OUTSIDE CHEBAA FARMS—At first glance, the area known as Chebaa Farms doesn't look like the kind of place that would be a key issue in a Lebanese-Israeli peace process. The landscape is covered in gray sand and dust-tinted scrub brush. Its strategic value is debatable. It's not even clear to which country the area really belongs.
But for the past six years, since Israeli forces ended their 18-year occupation of Lebanon, Chebaa Farms has been a focal point of much of the fighting between Israel and Hezbollah. Before the current fighting began July 12, 15 Israeli soldiers had died in clashes since 2000 with Hezbollah. Seven of those deaths happened at Chebaa Farms.
Hezbollah leader Hassan Nasrallah has demanded that Israel withdraw from Chebaa Farms. Lebanese officials in Beirut say they're certain that the fate of Chebaa Farms will be on any negotiating agenda—and that U.S. officials finally have agreed to talk about the matter.
"I think there is now a realization that without a resolution to the Chebaa Farms problem, there will be no consensual resolution of this war," said Mohamed Shatah, a senior adviser to Lebanese Prime Minister Fuad Saniora.
How Chebaa Farms, which the Israelis call Mount Dov, became so important in the ongoing battle between Israel and Hezbollah serves as a window into the byzantine complexities of Middle East politics and rivalries.
A relatively tiny piece of mountainous turf estimated to cover from four to 10 square miles, Chebaa Farms is now a closed military zone occupied by the Israelis. Outsiders are unwelcome and nearby residents merely grunt when asked about it. One U.S.-produced study describes it as "14 abandoned orchards, pastures and mini-farms."
"It's a totally artificial issue," explained Gerald Steinberg, director of the Program on Conflict and Diplomacy at Bar Ilan University. "It's clearly Syrian territory, but Syria doesn't really want it. Lebanon now claims it, but they clearly hadn't heard of it before 2000. Israel has it right now, but it's of no importance."
And yet it's symbolically important to everyone. One expert called it "a red herring, but an important red herring."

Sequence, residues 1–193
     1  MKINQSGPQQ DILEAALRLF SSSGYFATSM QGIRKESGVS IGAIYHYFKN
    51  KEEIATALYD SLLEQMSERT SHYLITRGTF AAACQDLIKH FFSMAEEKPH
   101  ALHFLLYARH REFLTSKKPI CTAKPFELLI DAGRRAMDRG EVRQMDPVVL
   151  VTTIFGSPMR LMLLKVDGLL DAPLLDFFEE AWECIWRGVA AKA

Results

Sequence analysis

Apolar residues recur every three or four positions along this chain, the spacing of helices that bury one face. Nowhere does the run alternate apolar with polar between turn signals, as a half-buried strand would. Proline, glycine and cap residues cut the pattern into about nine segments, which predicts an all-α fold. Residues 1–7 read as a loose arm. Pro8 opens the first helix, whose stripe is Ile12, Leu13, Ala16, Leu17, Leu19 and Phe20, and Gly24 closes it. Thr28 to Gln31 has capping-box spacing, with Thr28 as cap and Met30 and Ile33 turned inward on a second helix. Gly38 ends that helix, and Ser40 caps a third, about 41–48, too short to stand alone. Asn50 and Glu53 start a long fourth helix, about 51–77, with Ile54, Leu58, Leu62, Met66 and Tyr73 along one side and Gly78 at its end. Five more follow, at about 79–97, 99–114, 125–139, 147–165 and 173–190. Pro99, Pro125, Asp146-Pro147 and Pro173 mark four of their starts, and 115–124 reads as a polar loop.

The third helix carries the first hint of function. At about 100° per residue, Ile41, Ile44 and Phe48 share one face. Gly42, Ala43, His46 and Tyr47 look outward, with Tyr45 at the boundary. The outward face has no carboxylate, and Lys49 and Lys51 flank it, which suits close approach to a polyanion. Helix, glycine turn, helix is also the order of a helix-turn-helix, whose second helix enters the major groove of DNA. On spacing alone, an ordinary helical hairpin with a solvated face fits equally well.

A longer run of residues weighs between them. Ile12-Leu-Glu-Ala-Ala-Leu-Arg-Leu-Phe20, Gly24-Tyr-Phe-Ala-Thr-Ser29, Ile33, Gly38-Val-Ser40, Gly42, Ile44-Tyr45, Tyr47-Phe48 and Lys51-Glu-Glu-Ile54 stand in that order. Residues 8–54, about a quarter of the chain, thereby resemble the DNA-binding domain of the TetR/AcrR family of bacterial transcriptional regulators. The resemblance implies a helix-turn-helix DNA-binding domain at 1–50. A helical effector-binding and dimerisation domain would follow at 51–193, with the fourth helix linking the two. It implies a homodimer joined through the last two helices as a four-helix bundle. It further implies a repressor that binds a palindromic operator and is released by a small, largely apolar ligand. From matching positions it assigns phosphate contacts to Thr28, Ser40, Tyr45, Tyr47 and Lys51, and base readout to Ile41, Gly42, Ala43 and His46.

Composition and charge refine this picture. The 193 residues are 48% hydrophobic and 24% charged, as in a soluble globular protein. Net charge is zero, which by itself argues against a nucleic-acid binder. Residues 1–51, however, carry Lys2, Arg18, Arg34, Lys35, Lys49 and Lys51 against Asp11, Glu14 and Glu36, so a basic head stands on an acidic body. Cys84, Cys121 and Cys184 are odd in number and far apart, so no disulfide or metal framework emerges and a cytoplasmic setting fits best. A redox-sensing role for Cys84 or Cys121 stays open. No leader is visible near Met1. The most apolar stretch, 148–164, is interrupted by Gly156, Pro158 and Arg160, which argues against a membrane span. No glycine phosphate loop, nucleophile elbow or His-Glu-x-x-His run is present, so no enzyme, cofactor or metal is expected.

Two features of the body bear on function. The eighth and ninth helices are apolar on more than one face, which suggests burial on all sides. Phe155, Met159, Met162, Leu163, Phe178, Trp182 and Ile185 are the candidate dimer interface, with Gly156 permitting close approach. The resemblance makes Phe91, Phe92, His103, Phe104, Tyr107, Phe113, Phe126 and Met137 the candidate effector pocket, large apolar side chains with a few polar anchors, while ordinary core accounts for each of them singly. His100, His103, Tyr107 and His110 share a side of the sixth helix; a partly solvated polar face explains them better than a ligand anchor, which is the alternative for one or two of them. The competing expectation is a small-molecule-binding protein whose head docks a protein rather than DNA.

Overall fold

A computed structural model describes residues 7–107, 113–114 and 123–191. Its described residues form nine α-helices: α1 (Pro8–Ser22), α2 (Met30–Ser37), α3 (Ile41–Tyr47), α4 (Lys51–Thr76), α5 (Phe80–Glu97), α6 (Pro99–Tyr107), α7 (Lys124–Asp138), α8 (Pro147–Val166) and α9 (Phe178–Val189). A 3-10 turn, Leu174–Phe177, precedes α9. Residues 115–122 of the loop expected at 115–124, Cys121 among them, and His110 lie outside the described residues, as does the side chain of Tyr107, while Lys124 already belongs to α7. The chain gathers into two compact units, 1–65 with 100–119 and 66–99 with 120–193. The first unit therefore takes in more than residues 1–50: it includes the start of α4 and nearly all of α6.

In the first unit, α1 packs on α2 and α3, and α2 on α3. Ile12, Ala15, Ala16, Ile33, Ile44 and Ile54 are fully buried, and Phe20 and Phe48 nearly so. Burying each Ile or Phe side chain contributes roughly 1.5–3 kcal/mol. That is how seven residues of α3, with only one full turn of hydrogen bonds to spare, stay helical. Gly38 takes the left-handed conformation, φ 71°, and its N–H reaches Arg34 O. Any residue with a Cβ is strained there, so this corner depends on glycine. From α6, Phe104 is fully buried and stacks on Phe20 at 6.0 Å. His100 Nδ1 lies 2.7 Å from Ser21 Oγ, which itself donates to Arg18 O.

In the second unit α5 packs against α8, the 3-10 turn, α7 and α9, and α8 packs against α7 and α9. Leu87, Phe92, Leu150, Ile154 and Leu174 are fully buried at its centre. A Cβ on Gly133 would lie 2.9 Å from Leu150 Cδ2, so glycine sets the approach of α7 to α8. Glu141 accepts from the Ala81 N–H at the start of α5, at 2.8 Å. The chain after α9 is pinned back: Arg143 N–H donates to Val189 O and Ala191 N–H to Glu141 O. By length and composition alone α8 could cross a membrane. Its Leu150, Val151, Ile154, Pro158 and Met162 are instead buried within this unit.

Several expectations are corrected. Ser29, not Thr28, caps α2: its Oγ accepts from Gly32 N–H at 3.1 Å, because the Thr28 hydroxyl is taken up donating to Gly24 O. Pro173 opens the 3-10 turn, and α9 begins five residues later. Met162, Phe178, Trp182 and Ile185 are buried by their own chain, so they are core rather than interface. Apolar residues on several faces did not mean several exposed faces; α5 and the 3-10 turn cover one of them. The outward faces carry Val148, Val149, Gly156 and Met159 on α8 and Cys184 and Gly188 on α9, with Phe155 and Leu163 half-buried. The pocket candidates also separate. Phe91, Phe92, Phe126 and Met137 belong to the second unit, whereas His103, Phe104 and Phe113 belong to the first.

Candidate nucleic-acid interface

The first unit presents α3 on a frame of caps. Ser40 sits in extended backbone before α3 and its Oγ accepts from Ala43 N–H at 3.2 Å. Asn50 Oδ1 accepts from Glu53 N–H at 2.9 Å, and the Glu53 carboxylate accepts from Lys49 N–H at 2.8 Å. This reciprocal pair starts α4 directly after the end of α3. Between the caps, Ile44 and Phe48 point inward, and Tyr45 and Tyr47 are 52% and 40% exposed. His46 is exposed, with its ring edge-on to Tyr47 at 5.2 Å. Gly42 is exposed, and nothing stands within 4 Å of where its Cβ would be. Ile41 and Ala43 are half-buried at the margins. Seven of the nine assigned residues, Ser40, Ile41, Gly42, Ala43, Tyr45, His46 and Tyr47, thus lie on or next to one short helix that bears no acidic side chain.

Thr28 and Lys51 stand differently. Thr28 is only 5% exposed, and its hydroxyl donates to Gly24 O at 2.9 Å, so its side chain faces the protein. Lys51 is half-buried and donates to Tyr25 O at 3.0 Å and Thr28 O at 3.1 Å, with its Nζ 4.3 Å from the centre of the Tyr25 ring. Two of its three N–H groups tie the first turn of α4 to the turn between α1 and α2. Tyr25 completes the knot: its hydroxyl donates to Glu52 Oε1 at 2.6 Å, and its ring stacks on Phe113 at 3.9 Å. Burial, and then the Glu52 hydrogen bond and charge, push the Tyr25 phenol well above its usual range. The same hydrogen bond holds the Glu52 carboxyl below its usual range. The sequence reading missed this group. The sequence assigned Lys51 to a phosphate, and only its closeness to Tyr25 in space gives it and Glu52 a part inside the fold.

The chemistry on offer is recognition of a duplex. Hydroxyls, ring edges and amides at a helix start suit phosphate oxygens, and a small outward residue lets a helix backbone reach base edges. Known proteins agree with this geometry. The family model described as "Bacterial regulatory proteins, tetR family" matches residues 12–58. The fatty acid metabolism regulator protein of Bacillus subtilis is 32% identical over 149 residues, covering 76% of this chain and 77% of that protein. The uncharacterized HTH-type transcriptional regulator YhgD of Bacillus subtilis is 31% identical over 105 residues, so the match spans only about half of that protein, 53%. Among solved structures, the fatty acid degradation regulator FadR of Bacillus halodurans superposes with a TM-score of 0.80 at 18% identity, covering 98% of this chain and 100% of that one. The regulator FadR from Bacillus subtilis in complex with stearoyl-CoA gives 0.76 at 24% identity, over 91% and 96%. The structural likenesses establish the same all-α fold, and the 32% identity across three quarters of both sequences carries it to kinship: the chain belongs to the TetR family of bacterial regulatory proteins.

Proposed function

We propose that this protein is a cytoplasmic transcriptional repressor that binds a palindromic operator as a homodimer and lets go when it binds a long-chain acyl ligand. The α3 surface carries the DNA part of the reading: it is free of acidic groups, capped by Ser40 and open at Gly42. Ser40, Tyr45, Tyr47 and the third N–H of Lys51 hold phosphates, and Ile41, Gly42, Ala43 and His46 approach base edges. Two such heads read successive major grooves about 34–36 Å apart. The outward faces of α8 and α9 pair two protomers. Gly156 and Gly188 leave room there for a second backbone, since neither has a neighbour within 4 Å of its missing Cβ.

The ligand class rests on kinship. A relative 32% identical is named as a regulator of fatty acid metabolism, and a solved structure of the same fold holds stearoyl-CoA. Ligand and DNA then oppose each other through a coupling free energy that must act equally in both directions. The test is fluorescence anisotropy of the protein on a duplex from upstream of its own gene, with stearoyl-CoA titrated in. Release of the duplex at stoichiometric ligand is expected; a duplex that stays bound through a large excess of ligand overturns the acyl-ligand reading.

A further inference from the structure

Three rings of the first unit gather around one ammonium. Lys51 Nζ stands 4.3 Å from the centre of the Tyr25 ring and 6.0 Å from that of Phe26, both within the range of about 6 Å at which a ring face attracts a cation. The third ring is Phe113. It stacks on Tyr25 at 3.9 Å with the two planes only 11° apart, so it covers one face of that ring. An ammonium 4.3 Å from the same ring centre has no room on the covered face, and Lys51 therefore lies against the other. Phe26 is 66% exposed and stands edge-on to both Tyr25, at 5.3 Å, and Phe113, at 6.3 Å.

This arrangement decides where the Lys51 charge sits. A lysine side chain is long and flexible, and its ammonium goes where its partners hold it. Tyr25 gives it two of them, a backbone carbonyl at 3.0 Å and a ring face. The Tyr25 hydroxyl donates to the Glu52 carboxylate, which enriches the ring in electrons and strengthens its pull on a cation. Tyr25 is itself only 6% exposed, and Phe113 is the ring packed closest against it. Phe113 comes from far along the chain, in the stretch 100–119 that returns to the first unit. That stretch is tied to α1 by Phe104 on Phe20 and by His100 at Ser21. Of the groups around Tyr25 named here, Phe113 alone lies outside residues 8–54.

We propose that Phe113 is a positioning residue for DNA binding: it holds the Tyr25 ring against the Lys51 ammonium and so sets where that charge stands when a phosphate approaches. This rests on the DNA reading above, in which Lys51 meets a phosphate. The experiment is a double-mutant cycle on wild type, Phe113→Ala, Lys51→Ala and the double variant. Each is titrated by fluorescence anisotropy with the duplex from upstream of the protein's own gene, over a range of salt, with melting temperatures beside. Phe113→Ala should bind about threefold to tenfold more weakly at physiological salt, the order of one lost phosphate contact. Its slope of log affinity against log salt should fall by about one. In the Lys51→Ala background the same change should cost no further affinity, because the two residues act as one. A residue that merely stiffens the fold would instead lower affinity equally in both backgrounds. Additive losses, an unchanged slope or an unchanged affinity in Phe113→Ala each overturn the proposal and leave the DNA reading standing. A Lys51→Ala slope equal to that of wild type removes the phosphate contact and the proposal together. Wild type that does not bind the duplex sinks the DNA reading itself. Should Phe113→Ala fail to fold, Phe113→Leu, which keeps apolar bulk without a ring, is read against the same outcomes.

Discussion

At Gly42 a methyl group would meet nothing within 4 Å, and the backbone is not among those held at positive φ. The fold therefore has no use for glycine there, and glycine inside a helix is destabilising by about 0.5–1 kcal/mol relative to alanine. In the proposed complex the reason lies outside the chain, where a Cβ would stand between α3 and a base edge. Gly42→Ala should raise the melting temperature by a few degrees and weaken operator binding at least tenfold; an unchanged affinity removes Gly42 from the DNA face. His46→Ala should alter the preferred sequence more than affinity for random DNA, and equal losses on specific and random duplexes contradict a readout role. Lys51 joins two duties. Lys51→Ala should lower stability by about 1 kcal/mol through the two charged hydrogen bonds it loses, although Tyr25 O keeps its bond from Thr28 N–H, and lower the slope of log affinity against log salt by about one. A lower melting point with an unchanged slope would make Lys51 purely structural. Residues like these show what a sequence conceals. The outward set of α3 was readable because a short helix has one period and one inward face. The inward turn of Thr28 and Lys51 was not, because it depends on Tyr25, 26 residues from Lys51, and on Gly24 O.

That importance, analysts say, grew out of the Israeli decision to leave troops on Chebaa Farms after their 2000 departure from southern Lebanon.
With Israeli troops gone from southern Lebanon, Israeli officials hoped Hezbollah no longer had an excuse to attack them as occupying forces.
The United Nations certified that Israel had left Lebanon, holding that Chebaa Farms belonged to Syria's Golan Heights, which Israel seized in 1967 during the Six Day War.
But Lebanese officials insisted that Syria had given them the land, and Syria agreed. That made Chebaa Farms the last piece of Israeli-occupied Lebanon, and Hezbollah has since attacked it more than 30 times. The most famous incident took place just months after the pullout. Three Israeli soldiers were kidnapped and killed.
In the ensuing years, hundreds of mortar rounds have fallen on the area.
"Hezbollah uses Chebaa Farms to justify everything they do," said Jonathon Rynhold, an expert on peace and security issues with Israel's Begin-Sadat Center for Strategic Studies. "By claiming that they're fighting the occupiers, they can maintain the high ground to their supporters."
Nadim Shehadi, who specializes in Lebanon for the English research center Chatham House, said that the importance of Chebaa Farms may have decreased after the last three weeks of fighting, which has killed at least 450 Lebanese.
But still it must be dealt with. "Lebanon was asking for help in getting rid of Hezbollah's excuses for violence, for help building a strong argument for disarming Hezbollah," he said. "Chebaa Farms was their justification for the continued fight."
And even though Israelis say its strategic value is minimal, they resist surrendering the area for fear it will look like they're rewarding Hezbollah.
Still, Dan Schueftan, a senior fellow at the Center for National Security Studies at the University of Haifa, said he believes Israel will acquiesce if the United States insists.
"Israel is far more interested in its relationship with the United States, so if (Secretary of State Condoleezza) Rice believes that handing over Chebaa Farms will give her credence in the region, they won't stand in the way," he said.
From the Lebanese perspective, Shatah said there's no other choice. Lebanon's government has proposed that the area be turned over to the United Nations until it can be divided between Syria and Lebanon.
"We said this very frankly to all those who asked us, that there will be no peaceful end to this in which the Lebanese government and Lebanese forces are a part without the Chebaa Farms issue being resolved," Shatah said.
(McClatchy Newspapers correspondent Shashank Bengali in Beirut contributed to this report.)
(c) 2006, McClatchy-Tribune Information Services.
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